All posts tagged: Spanish

Translation: Poems by Lara Solórzano Damasceno


Poems by LARA SOLÓRZANO DAMASCENO
Translated from the Spanish by IGNACIO CARVAJAL

Poems appear in both Spanish and English.

Recife, Brazil

Translator’s Note

Lara Solórzano’s poetry is a contestation, a reprieve from fear. Her work exhibits a precise aesthetic and a fundamental grounding in urgency. Historical memory characterizes every figure and spirit in the verses that name societal constraints faced by women. Along with that naming of violences—and ultimately more important than it—the poems ring with an unequivocal rejection of them. It honors me to offer these translations from the collection El bestiario de las falenas.
—Ignacio Carvajal


Translation: Poems by Lara Solórzano Damasceno
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May 2021 Poetry Feature: Humberto Ak’abal, Translated by Loren Goodman

Poems by HUMBERTO AK’ABAL

Translated by LOREN GOODMAN

Table of Contents

  • Holes
  • Courage
  • Love
  • Mirror
  • Stone bread
  • We sow
  • Mrs. Wara’t

Humberto Ak’abal (1952 – 2019), a poet of K’iche’ Maya ethnicity, was born in Momostenango, Guatemala. One of the most well-known Guatemalan poets in Europe and South America, his works have been translated into French, English, German, Italian, Portuguese, Hebrew, Arabic, Japanese, Scottish, Hungarian and Estonian. The author of over twenty books of poetry and several other collections of short stories and essays, Ak’abal received numerous awards and honors, including the Golden Quetzal granted by the Association of Guatemalan Journalists in 1993, and the International Blaise Cendrars Prize for Poetry from Switzerland in 1997. In 2005 he was named Chevalier of the Order of Arts and Letters by the French Ministry of Culture, and in 2006 was the recipient of a John Simon Guggenheim Fellowship.

Loren Goodman was born in Kansas and studied in New York, Tucson, Buffalo, and Kobe. He is the author of Famous Americans, selected by W.S. Merwin for the 2002 Yale Series of Younger Poets, and Non-Existent Facts (otata’s bookshelf, 2018), as well as the chapbooks Suppository Writing (The Chuckwagon, 2008), New Products (Proper Tales Press, 2010) and, with Pirooz Kalayeh, Shitting on Elves & Other Poems (New Michigan Press, 2020). A Professor of creative writing and English literature at Yonsei University/Underwood International College in Seoul, Korea, he serves as the Chair of Comparative Literature and Culture and Creative Writing Director.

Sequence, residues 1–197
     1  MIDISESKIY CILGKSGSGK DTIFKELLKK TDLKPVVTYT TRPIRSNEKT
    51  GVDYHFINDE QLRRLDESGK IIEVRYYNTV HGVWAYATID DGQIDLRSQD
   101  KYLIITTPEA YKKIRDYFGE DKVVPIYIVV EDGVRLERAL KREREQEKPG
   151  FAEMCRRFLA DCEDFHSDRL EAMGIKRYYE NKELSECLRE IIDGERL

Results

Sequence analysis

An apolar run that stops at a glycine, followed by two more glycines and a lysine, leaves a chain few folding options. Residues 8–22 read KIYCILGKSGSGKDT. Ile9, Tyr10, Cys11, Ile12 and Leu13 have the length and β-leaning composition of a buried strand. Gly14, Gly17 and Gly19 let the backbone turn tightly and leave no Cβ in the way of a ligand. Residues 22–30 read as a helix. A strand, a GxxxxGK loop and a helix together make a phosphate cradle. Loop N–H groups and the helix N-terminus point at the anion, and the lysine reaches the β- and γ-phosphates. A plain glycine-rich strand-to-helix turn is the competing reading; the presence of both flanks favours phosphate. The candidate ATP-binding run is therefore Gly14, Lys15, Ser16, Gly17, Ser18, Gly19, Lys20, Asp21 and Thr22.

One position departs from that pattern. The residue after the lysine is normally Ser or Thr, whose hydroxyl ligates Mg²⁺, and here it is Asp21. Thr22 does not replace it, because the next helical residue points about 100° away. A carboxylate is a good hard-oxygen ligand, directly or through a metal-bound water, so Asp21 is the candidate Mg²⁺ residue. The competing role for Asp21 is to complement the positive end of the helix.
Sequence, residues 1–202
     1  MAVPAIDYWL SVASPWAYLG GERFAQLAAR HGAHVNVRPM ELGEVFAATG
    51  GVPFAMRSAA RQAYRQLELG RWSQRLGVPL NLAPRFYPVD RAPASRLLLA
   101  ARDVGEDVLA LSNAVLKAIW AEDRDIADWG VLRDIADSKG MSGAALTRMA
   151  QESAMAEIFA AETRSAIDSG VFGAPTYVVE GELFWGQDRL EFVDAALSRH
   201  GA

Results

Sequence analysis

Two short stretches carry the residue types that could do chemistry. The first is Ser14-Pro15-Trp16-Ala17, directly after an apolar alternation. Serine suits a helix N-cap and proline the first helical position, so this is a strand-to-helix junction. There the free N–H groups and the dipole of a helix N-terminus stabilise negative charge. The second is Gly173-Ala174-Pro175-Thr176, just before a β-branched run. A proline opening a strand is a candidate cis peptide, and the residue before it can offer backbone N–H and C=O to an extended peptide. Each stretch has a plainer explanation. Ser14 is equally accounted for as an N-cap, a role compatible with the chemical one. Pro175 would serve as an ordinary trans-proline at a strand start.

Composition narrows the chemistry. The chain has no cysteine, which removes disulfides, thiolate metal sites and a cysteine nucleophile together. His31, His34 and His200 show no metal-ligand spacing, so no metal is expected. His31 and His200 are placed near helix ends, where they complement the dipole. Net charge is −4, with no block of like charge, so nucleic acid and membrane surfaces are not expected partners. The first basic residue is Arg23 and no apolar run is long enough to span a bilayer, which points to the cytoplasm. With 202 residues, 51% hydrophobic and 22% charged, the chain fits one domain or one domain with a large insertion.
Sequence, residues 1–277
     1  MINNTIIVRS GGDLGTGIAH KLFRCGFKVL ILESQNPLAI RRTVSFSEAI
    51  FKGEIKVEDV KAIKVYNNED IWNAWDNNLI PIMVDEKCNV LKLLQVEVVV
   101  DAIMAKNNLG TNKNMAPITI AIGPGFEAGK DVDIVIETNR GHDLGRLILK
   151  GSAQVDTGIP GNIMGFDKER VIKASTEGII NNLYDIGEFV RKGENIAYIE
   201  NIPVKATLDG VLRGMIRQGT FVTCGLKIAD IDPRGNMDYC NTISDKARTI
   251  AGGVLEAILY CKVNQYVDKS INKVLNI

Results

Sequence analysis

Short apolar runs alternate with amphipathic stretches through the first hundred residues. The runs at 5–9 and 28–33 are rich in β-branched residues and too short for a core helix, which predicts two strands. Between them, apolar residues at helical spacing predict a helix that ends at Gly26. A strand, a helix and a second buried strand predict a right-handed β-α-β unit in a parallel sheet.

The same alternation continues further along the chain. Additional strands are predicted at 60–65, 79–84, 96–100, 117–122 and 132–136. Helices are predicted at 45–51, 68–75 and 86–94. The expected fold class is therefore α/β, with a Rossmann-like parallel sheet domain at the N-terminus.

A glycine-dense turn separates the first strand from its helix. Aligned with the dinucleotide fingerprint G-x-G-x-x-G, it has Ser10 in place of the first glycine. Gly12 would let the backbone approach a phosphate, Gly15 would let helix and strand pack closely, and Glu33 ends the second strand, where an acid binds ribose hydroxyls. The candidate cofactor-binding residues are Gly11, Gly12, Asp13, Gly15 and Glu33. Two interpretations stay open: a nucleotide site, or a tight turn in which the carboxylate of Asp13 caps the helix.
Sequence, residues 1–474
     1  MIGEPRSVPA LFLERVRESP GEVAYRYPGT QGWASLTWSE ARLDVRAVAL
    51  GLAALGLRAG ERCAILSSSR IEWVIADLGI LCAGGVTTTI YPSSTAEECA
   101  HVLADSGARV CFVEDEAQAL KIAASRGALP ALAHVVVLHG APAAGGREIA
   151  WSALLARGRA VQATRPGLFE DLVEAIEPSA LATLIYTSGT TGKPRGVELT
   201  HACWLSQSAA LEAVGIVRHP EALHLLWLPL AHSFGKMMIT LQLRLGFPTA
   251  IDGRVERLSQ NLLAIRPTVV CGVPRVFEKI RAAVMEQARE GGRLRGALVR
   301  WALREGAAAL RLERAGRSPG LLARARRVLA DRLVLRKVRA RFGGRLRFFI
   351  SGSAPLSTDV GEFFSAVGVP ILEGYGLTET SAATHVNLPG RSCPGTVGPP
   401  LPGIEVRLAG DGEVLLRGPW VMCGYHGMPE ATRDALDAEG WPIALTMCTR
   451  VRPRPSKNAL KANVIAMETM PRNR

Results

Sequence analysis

May 2021 Poetry Feature: Humberto Ak’abal, Translated by Loren Goodman
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Translation: Moss on a Smooth Rock

Poem by SILVIA GUERRA

Translated from the Spanish by JESSE LEE KERCHEVAL and JEANNINE MARIE PITAS

Poem appears in both Spanish and English. 

Silvia Guerra

Silvia Guerra

Translators’ Note

“Moss on a Smooth Rock” is from Un mar en madrugada (A Sea at Dawn), by the Uruguayan poet Silvia Guerra, published in 2018 by Hilos Editora, Buenos Aires, Argentina. The English version of this book is forthcoming from Eulalia Books in 2022.

Guerra’s work is notorious for its complexity, its concreteness of image and abstraction of thought, and its convention-defying syntax, capitalization and punctuation. With a long-standing interest in linguistics and psychology as well as a deep affinity for the natural world, Guerra’s poems go beyond the self in an effort to imagine the world from the standpoint of other beings, living and nonliving. For centuries, humans have assumed a monopoly on consciousness, even arrogantly denying the subjective experience of other mammals. But scientists are at last confirming what any dog or cat owner has always known: animals are not unfeeling automata any more than we are. But while only some creatures are proven to be sentient, can we be so certain that others are not? “How can we be so sure that plants feel no pain?” asks Polish poet Wisława Szymborska. What about rocks? Guerra dares to imagine they are. 

Translation: Moss on a Smooth Rock
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Reina María Rodríguez: Poems in Translation

Poems by REINA MARÍA RODRÍGUEZ

Translated by KRISTIN DYKSTRA

Translator’s Note

At first, it seems simple to outline the role of place in poems by Reina María Rodríguez. She began writing poetry in Havana, Cuba, a city that permeates much of her work. She grew up in a building on Ánimas Street, not far from the ocean, in a neighborhood of modest means. Eventually she and her partner built a tiny apartment on that same building’s roof out of largely recycled materials, and there they ran a historic, open-air cultural salon in the 1990s. Today Rodríguez remains interested in everyday life, in the realities accessible to inhabitants moving through the city streets. Alongside her explorations of the present, she incorporates memories from her neighborhood into many poems.

Reina María Rodríguez: Poems in Translation
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Translation: A Trip to La Paz

Essay by HEBE UHART

Translated from the Spanish by ANNA VILNER

Essay appears in both Spanish and English.

Translator’s Note

Hebe Uhart’s “A Trip to La Paz” is delightfully misleading in that we never arrive at our destination; we never see the city that touches the clouds. This essay is concerned with a different kind of beauty—the getting there, the buzzing potential of travel. It encapsulates why we embark on grueling car rides, on flights, on long train journeys, in the first place.

Translation: A Trip to La Paz
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Claudia Prado: Poems from THE BELLY OF THE WHALE

Poetry by CLAUDIA PRADO
Translated from the Spanish by REBECCA GAYLE HOWELL